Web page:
What you get with our program is intermittent fasting combined with additional nutritional, antioxidant, and detoxification support in Cleanse Days, which are part of a fully guided system that won’t leave you eating everything in sight one day followed by wanting to eat your arm off the next. Our system means moderate calorie control on Shake Days and appropriate fasting with nutritional support on Cleanse Days.
Our system, unlike theFast Diet, is also backed by clinical data showing that it leads to healthy weight loss, fat loss (without the muscle loss, especially if exercise is included), and better cardiovascular health. The end result is curbed food cravings, successful weight loss and maintenance, preservation of muscle mass, and finally, a long-term
lifestyle that will keep you healthier than ever before.
This all being said, unless you have some serious health issues the majority of our clients lose a tremendous amount of weight just following our Nutritional plan. Just for convenience people use our meal replacement shakes. They also make a great snack.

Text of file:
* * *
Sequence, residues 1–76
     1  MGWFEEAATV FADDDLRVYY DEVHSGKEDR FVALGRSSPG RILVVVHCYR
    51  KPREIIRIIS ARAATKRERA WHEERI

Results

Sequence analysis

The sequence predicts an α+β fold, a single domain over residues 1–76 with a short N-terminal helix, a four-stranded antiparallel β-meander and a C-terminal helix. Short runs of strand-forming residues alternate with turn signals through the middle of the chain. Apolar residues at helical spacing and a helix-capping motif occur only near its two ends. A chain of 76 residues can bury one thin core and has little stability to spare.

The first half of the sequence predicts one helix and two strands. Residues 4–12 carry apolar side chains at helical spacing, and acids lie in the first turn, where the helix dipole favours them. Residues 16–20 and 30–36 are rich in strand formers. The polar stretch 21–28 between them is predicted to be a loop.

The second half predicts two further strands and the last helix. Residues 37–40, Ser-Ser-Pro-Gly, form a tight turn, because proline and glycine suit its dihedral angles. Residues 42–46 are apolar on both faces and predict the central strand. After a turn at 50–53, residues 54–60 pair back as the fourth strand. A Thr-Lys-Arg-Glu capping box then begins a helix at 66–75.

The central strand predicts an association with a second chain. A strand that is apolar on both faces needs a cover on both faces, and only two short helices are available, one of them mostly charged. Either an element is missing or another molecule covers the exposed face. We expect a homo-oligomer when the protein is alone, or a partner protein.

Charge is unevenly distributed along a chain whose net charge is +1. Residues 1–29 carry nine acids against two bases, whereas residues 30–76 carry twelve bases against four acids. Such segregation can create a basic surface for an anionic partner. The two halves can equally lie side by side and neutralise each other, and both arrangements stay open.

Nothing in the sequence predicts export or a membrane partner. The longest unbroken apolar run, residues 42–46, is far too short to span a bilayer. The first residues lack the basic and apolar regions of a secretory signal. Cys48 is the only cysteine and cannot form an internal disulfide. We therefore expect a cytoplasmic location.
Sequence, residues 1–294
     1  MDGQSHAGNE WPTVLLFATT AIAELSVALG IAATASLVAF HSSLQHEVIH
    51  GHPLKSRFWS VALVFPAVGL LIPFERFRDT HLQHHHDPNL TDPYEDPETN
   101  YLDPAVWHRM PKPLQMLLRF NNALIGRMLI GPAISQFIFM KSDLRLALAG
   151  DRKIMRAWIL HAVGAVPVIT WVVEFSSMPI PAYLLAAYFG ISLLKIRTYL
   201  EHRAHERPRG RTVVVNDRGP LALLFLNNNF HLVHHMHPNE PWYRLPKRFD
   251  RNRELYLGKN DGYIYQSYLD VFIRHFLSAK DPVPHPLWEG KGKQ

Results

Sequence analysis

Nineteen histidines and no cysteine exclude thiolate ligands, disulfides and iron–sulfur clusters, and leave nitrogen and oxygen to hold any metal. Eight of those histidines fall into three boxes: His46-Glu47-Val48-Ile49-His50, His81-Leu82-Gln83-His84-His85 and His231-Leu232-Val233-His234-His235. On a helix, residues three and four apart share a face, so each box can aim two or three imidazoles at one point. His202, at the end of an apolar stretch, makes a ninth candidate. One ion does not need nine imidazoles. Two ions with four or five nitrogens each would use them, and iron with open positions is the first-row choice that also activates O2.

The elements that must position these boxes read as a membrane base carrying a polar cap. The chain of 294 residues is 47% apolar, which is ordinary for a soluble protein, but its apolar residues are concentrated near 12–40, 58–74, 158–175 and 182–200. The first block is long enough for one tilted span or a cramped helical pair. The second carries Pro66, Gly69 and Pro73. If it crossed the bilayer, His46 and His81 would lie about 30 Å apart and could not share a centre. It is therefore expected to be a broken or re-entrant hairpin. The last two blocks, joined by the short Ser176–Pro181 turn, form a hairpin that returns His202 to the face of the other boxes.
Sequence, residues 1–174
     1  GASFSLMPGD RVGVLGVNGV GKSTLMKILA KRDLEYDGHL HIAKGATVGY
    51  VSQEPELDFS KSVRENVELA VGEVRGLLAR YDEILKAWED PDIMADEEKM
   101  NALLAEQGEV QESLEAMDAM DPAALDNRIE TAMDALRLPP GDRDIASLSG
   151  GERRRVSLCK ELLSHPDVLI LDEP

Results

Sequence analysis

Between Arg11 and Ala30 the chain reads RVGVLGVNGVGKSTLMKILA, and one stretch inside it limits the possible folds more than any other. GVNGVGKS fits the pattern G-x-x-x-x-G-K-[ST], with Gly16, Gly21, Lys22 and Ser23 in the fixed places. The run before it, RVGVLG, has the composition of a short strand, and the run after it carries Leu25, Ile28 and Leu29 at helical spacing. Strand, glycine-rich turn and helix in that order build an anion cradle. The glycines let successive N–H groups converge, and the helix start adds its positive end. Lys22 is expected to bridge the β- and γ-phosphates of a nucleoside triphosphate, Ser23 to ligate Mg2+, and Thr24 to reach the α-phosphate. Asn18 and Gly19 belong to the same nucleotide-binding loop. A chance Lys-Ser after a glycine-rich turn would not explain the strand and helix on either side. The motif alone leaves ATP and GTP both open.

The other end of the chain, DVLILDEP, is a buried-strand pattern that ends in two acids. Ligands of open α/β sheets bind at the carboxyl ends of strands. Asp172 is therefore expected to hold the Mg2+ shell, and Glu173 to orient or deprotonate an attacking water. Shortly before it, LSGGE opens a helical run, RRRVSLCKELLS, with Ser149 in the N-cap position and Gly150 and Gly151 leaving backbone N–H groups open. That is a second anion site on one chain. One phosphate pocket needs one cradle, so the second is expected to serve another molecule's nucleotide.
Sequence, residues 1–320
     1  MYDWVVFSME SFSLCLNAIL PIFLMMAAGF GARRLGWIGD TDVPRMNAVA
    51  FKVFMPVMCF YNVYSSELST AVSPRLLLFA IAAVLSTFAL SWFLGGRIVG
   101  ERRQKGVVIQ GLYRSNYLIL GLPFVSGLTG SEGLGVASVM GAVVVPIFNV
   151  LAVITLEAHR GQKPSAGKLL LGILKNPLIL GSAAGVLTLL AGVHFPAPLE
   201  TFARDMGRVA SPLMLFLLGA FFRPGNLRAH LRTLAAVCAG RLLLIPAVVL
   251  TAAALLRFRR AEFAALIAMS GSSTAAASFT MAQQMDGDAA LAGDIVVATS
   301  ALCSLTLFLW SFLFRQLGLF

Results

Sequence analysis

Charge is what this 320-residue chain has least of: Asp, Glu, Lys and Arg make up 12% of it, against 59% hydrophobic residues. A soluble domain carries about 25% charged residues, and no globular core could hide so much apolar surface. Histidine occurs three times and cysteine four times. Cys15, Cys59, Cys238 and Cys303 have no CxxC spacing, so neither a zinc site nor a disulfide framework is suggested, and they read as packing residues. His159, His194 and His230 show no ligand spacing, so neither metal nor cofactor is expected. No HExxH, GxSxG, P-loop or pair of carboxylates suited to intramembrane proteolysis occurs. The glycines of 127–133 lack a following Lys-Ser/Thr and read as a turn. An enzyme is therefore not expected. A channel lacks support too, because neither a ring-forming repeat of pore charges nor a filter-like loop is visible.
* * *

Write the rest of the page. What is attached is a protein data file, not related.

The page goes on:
For more information call us at 215-821-7336.

1. Mosely M, Spencer M. The Fast Diet: The Secret of Intermittent Fasting – Lose Weight, Stay Healthy, Live Longer. Short Books,
2. Wycherley TP, Brinkworth GD, Clifton PM, Noakes M. Comparison of the effects of 52 weeks weight loss with either a high protein or high-carbohydrate diet on body composition and cardiometabolic risk factors in overweight and obese males. Nutr
Diabetes 2012;2:e40.
3. Josse AR, Atkinson SA, Tarnopolsky MA, Phillips SM. Increased Consumption of Dairy Foods and Protein during Diet- and
Exercise-Induced Weight Loss Promotes Fat Mass Loss and Lean Mass Gain in Overweight and Obese Premenopausal Women. J
Nutr 2011;141:1626-34.
4. Klempel MC, Kroeger CM, Bhutani S, Trepanowski JF, Varady KA. Intermittent fasting combined with calorie restriction is
effective for weight loss and cardio-protection in obese women. Nutr J 2012;11:98.

Sara Richter, B.Sc., Gillean Osterday, M.Sc., RD and Katie Coles, M.Sc, RD, UK’s “Fast Diet”? Not So Fast